In the midst of a particularly worrisome news cycle for airline safety in recent weeks, one item may have been understandably overlooked: a report the Federal Aviation Administration is investigating Southwest Airlines for operating as many as one-third of its 4,000 daily flights with inaccurate weight and balance data.
You may have had a flight affected by weight and balance priorities and perhaps you didn’t know why. It could have involved moving you to another seat to achieve proper center of gravity. Or bumping your baggage due to weight restrictions. Or maybe even bumping you. What you need to know is that under certain conditions, balancing a full aircraft presents operational challenges that can affect your flight.
More: Southwest Airlines under FAA investigation for aircraft weight, balance calculations
A delicate balance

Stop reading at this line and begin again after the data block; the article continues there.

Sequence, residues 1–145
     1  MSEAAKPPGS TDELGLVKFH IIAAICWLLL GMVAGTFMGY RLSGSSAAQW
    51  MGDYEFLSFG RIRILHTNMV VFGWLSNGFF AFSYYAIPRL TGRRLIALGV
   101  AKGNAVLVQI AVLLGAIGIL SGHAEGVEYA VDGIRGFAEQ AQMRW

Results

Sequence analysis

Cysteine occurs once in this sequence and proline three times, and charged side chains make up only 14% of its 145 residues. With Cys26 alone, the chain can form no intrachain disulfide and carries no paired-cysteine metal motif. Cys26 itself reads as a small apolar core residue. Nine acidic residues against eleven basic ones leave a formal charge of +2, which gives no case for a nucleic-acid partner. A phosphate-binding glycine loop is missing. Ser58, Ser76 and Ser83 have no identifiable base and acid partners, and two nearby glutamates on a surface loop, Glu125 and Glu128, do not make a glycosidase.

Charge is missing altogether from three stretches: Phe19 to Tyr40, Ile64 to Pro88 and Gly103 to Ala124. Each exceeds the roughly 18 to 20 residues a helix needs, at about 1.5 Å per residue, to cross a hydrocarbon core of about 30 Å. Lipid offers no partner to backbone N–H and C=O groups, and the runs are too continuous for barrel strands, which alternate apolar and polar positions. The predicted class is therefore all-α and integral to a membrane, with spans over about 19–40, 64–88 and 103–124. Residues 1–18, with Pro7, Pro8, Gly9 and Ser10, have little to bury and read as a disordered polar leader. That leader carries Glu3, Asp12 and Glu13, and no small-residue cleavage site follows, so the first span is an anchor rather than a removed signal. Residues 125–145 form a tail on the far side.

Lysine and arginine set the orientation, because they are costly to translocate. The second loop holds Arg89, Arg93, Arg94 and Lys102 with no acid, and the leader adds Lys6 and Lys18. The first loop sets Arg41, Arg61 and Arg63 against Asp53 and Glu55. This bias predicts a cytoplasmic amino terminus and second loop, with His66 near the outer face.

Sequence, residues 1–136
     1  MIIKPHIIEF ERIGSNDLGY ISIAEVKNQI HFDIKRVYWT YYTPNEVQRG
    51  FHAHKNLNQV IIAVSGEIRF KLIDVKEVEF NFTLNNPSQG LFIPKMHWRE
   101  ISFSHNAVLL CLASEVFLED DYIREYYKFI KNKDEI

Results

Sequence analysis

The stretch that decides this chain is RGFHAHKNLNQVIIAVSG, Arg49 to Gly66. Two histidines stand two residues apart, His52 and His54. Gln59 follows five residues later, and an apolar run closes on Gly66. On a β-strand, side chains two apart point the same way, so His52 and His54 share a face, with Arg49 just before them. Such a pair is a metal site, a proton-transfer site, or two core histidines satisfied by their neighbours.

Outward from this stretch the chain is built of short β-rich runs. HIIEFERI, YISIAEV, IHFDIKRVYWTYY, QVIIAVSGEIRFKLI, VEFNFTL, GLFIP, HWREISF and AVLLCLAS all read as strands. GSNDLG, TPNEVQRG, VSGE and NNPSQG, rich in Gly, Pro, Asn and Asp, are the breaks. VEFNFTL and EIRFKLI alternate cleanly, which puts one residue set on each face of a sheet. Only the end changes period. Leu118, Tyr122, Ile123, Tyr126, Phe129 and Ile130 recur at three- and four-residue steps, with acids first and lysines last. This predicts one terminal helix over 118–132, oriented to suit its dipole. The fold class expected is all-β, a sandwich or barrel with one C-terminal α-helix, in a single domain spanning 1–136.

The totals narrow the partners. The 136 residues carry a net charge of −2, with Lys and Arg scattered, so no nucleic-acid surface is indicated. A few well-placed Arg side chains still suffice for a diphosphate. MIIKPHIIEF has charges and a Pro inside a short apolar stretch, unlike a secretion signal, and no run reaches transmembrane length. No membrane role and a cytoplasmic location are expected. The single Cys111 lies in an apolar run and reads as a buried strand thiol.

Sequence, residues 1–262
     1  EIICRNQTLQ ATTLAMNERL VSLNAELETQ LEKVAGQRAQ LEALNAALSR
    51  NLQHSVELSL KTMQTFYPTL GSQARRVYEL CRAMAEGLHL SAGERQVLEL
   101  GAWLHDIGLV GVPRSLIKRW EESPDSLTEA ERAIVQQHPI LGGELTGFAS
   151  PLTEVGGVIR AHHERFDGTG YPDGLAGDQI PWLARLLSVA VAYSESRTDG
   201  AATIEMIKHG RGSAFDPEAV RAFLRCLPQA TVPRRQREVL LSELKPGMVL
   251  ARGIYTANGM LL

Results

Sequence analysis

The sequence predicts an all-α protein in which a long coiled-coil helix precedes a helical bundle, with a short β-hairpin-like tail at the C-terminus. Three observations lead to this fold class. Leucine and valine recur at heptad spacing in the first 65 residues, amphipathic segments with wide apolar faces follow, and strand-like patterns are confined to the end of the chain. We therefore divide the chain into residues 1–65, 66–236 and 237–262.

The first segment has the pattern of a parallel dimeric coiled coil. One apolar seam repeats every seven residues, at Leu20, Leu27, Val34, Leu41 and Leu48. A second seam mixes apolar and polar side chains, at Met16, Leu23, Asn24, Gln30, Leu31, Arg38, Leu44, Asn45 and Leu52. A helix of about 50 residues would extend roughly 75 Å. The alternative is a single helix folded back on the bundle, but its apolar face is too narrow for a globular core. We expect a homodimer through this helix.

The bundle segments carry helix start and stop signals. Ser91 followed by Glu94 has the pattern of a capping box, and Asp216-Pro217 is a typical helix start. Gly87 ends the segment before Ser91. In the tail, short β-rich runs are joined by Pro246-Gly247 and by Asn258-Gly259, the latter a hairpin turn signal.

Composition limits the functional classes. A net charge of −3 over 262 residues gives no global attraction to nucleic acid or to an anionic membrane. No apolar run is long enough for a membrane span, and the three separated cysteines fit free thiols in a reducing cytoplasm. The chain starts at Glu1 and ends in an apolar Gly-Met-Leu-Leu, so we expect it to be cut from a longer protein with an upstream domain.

During my airline career I was a loadmaster on cargo aircraft and later was involved in dispatching passenger flights. Both roles mandated that airplanes were safely loaded within maximum weight limits. Is it really a safety issue? Most definitely — an improperly loaded and/or overloaded airplane is a danger to everyone on board. Depending upon how deeply you care to dive into the whys, the FAA offers a comprehensive online “Weight and Balance Handbook.” But the takeaway is simple: “Because of abnormal stresses placed upon the structure of an improperly loaded aircraft, or because of changed flying characteristics of the aircraft, loss of life and destruction of valuable equipment may result.” Such errors have contributed to more than a few fatal airline accidents over time.